Image copyright Reuters Image caption The German environment minister, Barbara Hendricks, wants the German government to “be more active on climate protection.”
Germany’s cabinet has approved a $68 billion (£49bn) budget for combatting climate change through 2027.
The state of North Rhine-Westphalia, Germany’s most populous, will receive nearly 40% of the sum, to help it reduce fossil fuel use.
The budget comes on top of billions already promised to clean energy and climate protection.
Scientists say that all states must do more if the world is to have a chance of keeping global warming below 2C above pre-industrial levels.
Colder temperatures were a key factor in limiting the severity of natural disasters in Germany last year, in addition to the nation’s reliance on wind and solar power.
“Cabinet has approved the funding for a comprehensive solution to climate protection,” Environment Minister Barbara Hendricks said on Monday.
“It is estimated that the more we invest in combating climate change, the more efficiently we can reduce our CO2 emissions and reduce the negative impact on the environment.”
According to the finance ministry, funds from the budget will cover the spending of more than 100 billion euros in the period between 2026 and 2028 on climate projects such as renewable energy production and adaptation in areas such as ageing areas and at risk of climate change.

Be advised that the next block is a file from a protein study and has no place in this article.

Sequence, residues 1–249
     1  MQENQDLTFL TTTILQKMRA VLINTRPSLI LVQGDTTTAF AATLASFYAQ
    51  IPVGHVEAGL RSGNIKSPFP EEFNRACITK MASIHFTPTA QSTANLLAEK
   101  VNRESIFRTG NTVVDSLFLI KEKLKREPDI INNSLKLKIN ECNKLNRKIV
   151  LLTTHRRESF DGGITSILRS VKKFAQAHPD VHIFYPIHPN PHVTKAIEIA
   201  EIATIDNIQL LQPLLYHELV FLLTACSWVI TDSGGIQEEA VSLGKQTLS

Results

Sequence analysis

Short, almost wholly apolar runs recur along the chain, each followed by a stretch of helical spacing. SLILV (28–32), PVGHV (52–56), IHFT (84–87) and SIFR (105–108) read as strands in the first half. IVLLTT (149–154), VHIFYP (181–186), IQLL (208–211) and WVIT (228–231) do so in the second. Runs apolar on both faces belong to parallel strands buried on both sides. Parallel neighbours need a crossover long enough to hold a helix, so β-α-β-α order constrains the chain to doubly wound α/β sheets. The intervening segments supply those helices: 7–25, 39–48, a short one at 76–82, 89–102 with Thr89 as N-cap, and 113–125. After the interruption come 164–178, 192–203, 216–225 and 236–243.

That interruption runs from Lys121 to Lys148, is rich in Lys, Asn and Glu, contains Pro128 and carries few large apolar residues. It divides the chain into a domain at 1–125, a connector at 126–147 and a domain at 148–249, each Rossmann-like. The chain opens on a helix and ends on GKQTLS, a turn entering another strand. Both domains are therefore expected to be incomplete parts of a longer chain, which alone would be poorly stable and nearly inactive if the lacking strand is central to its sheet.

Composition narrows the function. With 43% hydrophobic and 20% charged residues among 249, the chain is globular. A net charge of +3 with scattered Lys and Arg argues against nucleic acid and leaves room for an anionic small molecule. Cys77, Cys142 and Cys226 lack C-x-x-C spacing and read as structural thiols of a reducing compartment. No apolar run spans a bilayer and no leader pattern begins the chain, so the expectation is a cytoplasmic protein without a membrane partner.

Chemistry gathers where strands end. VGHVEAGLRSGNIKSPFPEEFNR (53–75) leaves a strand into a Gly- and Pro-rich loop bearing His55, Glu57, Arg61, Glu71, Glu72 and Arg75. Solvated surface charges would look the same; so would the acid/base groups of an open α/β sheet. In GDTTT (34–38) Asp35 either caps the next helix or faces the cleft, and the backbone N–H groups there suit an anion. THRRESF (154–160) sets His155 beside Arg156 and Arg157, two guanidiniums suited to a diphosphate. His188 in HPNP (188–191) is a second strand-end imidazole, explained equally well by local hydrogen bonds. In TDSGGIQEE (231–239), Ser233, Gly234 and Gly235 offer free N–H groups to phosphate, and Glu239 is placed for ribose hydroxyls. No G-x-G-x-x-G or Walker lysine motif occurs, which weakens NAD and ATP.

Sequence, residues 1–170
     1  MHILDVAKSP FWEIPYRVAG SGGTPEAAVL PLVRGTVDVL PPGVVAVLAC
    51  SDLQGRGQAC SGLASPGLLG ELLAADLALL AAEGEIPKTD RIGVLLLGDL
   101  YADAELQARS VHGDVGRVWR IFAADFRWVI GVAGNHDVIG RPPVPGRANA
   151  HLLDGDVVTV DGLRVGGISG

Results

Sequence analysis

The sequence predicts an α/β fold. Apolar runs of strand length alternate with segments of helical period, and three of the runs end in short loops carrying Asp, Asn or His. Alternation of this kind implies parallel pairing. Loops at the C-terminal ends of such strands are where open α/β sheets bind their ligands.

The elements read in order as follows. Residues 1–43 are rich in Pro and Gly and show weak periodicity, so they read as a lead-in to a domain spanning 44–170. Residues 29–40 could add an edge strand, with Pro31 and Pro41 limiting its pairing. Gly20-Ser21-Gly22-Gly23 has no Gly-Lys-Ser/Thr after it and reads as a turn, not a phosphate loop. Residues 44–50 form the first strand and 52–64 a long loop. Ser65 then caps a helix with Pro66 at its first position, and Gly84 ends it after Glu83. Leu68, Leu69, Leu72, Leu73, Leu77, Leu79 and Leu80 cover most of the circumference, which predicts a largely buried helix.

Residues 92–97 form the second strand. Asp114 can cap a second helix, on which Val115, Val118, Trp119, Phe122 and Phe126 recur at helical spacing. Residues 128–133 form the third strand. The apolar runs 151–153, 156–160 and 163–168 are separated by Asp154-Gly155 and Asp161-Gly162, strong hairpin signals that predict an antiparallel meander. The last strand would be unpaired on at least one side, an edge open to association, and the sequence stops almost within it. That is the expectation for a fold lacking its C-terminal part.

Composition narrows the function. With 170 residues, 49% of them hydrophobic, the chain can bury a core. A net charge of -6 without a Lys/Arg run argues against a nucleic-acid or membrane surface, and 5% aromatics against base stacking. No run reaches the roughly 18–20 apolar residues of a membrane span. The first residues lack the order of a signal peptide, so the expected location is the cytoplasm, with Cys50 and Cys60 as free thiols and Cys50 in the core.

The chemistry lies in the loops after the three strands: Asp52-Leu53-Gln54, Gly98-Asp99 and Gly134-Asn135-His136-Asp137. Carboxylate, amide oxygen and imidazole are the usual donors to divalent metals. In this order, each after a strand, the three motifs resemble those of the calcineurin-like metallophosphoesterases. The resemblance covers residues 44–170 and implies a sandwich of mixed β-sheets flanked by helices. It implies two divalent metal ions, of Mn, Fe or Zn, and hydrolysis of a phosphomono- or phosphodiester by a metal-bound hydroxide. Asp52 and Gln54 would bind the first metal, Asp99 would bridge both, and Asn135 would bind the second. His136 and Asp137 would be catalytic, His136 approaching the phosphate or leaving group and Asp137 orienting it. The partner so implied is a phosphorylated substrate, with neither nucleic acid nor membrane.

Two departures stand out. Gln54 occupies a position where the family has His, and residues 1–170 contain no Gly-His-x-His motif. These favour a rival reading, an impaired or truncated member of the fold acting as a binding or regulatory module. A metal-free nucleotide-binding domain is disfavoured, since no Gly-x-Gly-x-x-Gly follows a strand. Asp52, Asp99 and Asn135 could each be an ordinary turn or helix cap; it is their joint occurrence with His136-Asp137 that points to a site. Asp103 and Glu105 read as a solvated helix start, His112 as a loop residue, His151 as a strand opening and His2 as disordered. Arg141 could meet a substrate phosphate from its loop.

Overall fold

That spending will still need to be approved by parliamentary committees.
From 2020, Germany will also raise its annual payments to the Green Climate Fund by 30% and start paying the fund more for projects which contribute to the reduction of carbon emissions.
Last month, the Government approved over €100bn (£88bn) in green investments, boosting Germany’s commitment to fighting climate change, as it seeks to become one of the world’s most pro-environment nations by 2050.
Germany is one of the world’s wealthiest countries, but it is well-known for its scepticism towards tackling climate change and diverting fuel to renewable energy.
Its contribution to the Green Climate Fund – the main global fund promoting efforts to fight climate change – amounted to €7.1bn between 2013 and 2017.
Germany is the world’s third-largest emitter of greenhouse gases and in 2017, its residents produced 10 million fewer tonnes of CO2 than a decade earlier.